Okay, let’s roll the promoted stocks scoreboard:
|Ticker||Date of Article||Price @ Article||Price @ 1/20/15||Decline||Annualized||Dead?|
It is truly amazing how predictable the losses are from promoted stocks, and that is why you should never buy them. Today’s loser-in-waiting is Cardinal Resources [CDNL]. The promoters purport that this company will provide cheap clean fresh water to the world, and will make a fortune off of that. Now let’s look at some facts:
What commends this stock to you? Is it:
- That it has never earned any money?
- That the firm has had a negative net worth for the last four years?
- That their auditors doubted on the last 10-K that this company would be a “going concern?”
- That the company 12 months ago was known as JH Designs, which was in the “home staging and interior design services business?”
- That the writers of the promotion got paid $30,000 to write the speculative fiction of the promotion?
- That affiliated shareholders of CDNL paid another $670,000 to publish speculative fiction about the company to unwitting people in an effort to raise the stock price, so that they can sell their shares?
Here, have a look at part of the disclaimer written in five-point type on the glossy ad they sent me in the mail:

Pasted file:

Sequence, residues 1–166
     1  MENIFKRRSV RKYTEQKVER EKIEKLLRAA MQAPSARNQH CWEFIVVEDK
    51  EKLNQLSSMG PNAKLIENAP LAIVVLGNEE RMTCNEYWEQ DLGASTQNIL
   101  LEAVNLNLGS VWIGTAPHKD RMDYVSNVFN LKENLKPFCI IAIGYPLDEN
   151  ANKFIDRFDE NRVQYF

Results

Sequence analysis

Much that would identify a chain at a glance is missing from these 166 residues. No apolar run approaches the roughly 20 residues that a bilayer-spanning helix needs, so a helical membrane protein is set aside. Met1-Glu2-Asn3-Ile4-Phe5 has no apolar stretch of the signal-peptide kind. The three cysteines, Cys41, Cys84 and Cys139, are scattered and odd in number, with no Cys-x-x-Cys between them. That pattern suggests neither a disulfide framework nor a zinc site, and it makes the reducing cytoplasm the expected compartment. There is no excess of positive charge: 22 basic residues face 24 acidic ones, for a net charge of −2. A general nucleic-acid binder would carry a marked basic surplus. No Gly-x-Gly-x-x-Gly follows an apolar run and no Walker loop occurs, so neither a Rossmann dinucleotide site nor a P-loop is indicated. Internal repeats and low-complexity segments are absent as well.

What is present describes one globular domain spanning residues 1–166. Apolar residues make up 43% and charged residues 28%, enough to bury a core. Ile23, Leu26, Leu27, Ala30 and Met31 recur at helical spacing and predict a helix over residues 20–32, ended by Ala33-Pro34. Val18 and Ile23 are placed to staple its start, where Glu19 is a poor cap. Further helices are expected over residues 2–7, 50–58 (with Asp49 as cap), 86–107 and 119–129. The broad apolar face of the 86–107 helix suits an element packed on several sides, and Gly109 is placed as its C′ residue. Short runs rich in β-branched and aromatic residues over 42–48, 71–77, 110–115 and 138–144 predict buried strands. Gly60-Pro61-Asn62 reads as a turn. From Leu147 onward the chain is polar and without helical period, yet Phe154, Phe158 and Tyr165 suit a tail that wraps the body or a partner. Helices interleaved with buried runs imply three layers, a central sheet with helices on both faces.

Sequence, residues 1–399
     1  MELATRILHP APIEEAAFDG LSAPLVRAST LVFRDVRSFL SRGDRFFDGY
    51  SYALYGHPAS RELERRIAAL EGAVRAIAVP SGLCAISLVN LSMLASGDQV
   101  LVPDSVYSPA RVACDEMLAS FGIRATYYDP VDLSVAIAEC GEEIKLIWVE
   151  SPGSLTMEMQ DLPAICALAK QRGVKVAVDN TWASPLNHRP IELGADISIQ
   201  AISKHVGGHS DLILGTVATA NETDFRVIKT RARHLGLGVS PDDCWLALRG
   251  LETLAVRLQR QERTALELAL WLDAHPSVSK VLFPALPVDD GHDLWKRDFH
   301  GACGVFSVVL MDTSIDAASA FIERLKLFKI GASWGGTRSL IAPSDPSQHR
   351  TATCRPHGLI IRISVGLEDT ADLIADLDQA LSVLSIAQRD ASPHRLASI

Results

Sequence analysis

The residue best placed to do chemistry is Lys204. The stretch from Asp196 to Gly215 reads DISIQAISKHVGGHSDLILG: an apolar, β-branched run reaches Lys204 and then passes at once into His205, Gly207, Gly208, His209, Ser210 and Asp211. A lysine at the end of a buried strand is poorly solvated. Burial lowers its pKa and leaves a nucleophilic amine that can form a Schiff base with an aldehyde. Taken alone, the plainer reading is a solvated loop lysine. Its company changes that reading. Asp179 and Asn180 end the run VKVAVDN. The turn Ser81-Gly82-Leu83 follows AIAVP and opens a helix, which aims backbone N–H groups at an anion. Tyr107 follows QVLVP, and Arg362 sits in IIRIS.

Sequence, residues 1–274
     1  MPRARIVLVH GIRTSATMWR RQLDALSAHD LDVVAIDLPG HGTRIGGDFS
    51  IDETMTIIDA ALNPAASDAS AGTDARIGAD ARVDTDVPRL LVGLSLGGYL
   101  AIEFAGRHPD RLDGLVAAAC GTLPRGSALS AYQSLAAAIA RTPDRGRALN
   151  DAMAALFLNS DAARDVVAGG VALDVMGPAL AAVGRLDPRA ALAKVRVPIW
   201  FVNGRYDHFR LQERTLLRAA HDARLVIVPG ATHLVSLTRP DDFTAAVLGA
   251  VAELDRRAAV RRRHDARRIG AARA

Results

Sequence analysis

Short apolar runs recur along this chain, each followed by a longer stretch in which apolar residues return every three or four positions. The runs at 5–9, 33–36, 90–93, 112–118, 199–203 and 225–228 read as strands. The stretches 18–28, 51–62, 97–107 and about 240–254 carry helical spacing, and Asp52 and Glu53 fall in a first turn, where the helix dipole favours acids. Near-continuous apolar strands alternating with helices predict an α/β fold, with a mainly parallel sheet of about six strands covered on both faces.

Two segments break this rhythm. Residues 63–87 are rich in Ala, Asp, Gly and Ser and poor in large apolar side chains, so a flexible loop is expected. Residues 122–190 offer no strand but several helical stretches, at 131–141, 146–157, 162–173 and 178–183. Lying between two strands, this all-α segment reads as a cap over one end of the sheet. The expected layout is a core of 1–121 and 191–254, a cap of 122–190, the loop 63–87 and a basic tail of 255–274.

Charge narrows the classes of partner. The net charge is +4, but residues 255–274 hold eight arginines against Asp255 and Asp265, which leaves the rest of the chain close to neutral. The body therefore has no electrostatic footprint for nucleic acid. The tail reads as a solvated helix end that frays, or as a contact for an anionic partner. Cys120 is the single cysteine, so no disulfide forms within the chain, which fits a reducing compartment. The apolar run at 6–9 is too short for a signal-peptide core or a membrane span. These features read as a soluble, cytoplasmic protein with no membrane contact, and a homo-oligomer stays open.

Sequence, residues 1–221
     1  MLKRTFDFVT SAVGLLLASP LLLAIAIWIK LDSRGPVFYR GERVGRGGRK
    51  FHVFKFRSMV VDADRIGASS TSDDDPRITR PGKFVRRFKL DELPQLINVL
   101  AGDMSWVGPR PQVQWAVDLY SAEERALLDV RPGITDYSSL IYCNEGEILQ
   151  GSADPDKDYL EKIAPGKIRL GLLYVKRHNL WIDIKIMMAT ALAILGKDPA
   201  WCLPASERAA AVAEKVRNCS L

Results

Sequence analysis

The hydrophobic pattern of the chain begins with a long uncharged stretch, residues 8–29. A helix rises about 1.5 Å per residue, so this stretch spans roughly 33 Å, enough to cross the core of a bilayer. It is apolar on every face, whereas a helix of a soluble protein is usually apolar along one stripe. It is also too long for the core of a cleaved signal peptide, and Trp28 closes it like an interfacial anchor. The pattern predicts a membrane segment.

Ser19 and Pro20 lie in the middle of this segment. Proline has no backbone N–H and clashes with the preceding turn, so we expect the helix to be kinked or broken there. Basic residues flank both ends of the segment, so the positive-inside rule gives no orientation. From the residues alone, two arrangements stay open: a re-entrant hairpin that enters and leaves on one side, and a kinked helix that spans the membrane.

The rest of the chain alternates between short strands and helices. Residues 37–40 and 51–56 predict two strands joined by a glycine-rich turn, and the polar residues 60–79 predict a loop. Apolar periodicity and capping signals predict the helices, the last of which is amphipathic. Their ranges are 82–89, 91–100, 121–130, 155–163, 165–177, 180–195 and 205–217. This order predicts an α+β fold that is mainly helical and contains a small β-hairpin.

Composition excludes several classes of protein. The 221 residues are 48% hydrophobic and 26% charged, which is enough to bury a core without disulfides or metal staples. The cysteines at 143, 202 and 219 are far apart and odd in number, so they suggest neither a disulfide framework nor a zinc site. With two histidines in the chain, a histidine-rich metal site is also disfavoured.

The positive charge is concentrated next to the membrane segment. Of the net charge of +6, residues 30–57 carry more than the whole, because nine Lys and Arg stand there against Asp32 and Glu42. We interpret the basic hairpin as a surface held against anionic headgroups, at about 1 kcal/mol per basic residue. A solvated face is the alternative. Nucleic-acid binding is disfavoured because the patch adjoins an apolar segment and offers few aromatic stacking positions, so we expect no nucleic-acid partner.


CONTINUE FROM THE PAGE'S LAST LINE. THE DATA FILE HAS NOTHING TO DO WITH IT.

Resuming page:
Resources Kingdom Limited was paid by non-affiliate shareholders who fully intend to sell their shares without notice into this Advertisement/market awareness campaign, including selling into increased volume and share price that may result from this Advertisement/market awareness campaign. The non-affiliate shareholders may also purchase shares without notice at any time before, during or after this Advertisement/market awareness campaign. Non-affiliate shareholders acted as advisors to Resources Kingdom Limited in this Advertisement and market awareness campaign, including providing outside research, materials, and information to outside writers to compile written materials as part of this market awareness campaign.
Thus, we know who is sponsoring and profiting from this scam. It is existing shareholders who want to sell. I can tell you with certainty that you should not buy this, and that if you own it, you should sell it. There is one significant party that implicitly agrees with that assessment — the company itself, which issued shares at a price of ten cents per share in 2014, according to the recent 10-Q, if you look at the balance sheet and cash flow statements.
Avoid this company, and avoid all situations where stocks are promoted. They are bad news for all investors. Good investments never need promotion.